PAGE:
Marxist to Adventist
Marita wondered whether the devil might have introduced Marxism to counteract the Adventist message
To Sabbath School teachers: This story is for Sabbath, June 15.
M arita was baptized at the age of 12 in Brazil.
But she left the church as a young adult, and 38 years passed before she could cast aside her faith in Marxism to become a powerhouse for God in her community.
“The ideals of Marxism replaced the ideals of Christ in my life,” said Maria, known to friends as Marita.
Raised by a Seventh-day Adventist mother, Maria taught a Sabbath School class and served as her church’s youth director while in her teens. But she stopped going to church at the age of 22 after a prominent church member said something that offended her. Maria immersed herself into sociology studies and embraced German philosopher and sociologist Karl Marx’s teachings on human rights.
Twenty-five years passed. Maria married, had a son, and was widowed. She moved to Montreal, Canada, to pursue post-doctoral studies at Université du Québec à Montréal.
While there, she received a surprise visit from an old friend, Brazilian pastor Luis Santana, and his wife, Leoni. Pastor Luis had attended a wedding in the United States and stopped in Montreal for eight days to see Maria before flying home. He and Maria had attended the same church as young adults.
Pastor Luis and his wife visited Maria every day. They spoke about the Bible and Jesus’ love for her. They invited her to return to Christ. Maria listened politely but was unmoved.
Two years later, she returned to Brazil to teach as a university professor. Pastor Luis’ wife called her every week for three years to invite her to attend a Bible study group. Maria always found an excuse not to go.
One day, Maria noticed while preparing for a class that Marx wrote his first manuscript in 1844. She remembered that her mother had said the Adventist movement began in 1844, and she wondered whether the devil might have introduced Marxism to counteract the Adventist message. She compared Marxism with Adventism. She saw that Marx taught that people could change the world through their own power, while Adventists believed that people needed Christ to change.
A short time later, Maria announced to her graduate sociology class, “I now believe that Jesus was a great revolutionary leader, but He wasn’t the Son of God.”
Maria couldn’t sleep that night.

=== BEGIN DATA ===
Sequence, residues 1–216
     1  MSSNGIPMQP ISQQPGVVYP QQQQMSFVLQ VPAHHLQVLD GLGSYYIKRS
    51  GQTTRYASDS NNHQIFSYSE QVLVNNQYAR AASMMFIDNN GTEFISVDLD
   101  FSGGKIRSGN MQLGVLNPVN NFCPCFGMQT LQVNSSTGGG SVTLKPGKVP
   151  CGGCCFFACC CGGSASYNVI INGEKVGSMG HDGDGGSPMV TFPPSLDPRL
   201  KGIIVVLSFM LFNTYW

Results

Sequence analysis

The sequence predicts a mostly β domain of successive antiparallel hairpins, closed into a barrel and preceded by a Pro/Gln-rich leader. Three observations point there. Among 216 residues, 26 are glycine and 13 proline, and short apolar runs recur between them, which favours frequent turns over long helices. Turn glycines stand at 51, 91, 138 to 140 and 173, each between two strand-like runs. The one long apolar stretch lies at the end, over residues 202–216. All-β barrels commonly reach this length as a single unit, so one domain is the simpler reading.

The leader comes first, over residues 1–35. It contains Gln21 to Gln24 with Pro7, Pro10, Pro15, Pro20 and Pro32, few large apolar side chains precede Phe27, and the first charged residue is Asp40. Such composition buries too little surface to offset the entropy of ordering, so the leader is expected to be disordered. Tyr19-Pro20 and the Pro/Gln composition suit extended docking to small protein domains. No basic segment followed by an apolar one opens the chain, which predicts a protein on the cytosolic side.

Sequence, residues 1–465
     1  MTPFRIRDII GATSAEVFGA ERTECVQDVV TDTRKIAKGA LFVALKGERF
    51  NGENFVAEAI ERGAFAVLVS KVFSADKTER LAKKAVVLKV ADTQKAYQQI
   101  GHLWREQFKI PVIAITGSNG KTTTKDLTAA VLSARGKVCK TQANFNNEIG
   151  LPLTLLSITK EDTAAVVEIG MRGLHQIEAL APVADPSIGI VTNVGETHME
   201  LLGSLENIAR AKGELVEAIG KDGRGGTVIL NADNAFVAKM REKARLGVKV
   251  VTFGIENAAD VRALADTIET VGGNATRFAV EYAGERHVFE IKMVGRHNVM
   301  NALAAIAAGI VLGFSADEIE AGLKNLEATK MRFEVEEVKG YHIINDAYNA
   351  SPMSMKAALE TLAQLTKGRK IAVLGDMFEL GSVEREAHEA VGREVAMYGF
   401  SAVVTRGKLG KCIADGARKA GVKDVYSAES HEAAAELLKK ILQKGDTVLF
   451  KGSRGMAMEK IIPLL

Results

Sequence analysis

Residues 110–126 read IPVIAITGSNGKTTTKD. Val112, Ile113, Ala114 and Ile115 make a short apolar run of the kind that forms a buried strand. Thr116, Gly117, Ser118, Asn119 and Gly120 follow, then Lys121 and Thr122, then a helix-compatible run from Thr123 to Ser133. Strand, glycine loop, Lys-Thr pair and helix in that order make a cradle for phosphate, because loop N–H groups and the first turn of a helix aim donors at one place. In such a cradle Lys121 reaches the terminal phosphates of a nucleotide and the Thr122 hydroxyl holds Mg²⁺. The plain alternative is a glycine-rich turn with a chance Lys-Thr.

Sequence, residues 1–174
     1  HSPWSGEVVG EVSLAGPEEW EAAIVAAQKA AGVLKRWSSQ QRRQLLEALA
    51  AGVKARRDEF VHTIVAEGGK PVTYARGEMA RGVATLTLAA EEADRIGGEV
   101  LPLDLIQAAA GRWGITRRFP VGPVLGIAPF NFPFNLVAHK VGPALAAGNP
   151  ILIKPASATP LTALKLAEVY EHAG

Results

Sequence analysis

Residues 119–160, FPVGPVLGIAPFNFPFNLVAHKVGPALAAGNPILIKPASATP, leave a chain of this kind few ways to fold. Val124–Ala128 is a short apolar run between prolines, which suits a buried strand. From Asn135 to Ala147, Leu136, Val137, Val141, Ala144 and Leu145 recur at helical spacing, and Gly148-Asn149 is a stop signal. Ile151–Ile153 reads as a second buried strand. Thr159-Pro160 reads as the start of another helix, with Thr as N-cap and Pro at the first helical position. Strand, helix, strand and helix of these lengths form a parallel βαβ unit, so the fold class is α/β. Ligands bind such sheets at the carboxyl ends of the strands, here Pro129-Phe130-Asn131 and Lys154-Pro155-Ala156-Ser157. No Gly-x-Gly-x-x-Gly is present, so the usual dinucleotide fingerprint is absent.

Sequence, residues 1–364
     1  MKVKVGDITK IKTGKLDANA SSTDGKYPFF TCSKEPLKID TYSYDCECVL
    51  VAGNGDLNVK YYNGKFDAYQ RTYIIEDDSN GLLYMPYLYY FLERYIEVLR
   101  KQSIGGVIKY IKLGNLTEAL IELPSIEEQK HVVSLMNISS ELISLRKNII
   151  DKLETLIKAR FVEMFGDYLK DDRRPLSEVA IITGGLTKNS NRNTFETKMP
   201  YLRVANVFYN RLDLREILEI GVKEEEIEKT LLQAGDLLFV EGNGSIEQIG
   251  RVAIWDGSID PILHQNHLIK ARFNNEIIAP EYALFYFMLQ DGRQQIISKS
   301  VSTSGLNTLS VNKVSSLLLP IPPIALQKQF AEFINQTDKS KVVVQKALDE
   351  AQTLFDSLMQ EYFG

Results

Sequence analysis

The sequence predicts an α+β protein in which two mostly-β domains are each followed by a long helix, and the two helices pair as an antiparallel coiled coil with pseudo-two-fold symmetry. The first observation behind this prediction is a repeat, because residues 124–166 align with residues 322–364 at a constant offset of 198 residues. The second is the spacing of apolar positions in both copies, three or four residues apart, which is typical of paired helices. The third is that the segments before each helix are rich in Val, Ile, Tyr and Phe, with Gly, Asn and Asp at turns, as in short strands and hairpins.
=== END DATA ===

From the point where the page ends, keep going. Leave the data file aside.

The next day, a female student, Dinalva, approached her in tears.
“You told the class that you don’t believe that Christ is the Son of God,” Dinalva said. “I couldn’t sleep all night. I felt that God wanted me to tell you that you weren’t speaking from your heart. You didn’t want to admit that you believe in Jesus because you are a Marxist.”
Maria didn’t know what to say.
Two weeks later, Maria was eating lunch at a café when she heard a choir rehearsing “Maravilhosa Graca” (Wonderful Grace of Jesus) in a Sunday church next door. It was a hymn that she had sung in the Adventist choir as a teen.
Maria slipped into the church’s back pew to listen. Moments later, Dinalva entered the church and walked straight to Maria. She hugged the professor and, crying, said, “I knew that I would find you here! I was at home feeding my child, and I had the strong impression that I needed to come here.”
Maria was shocked. Dinalva didn’t live nearby, and Maria had chosen a café far from the university campus.
After the song finished, the two parted ways. The experience convinced Maria that God wanted her to study the Bible, and she accepted the invitation of Pastor Luis’ wife to join the weekly Bible study.
Maria studied with Pastor Luis and his wife for 10 years, but she couldn’t accept the Bible as the Word of God. Finally, the wife said, “You need to ask God for faith. You have lost your faith. I will pray for you.”
As the wife prayed, a desire grew in Maria’s heart to read the Bible at home. She read the Bible for two months and was rebaptized. But she had a problem. She didn’t want to go to church.
“Why don’t we have meetings in a house?” she asked Pastor Luis.
The two discussed the idea of establishing a meeting place for people who like the Bible but don’t want to go to church. The pastor asked Maria to draft a plan for such a house church. Church leaders then revised the proposal, and the Sharing Jesus house church was born.
Sharing Jesus began with 13 people in 2004. It has now baptized more than 200 people.
“People learn how to love the Adventist Church here. They are converted and baptized, and then we send them to Adventist churches around Salvador,” said Maria, now 70 and a co-leader of the house church.
The house church will receive part of this quarter’s Thirteenth Sabbath Offering to move out of its rented premises and into a larger building, where it will also offer healthy cooking classes and health seminars.
“We have a lot of music,” Maria said. “Many small groups study the Bible and pray. And we are really happy, waiting for Jesus’ coming.”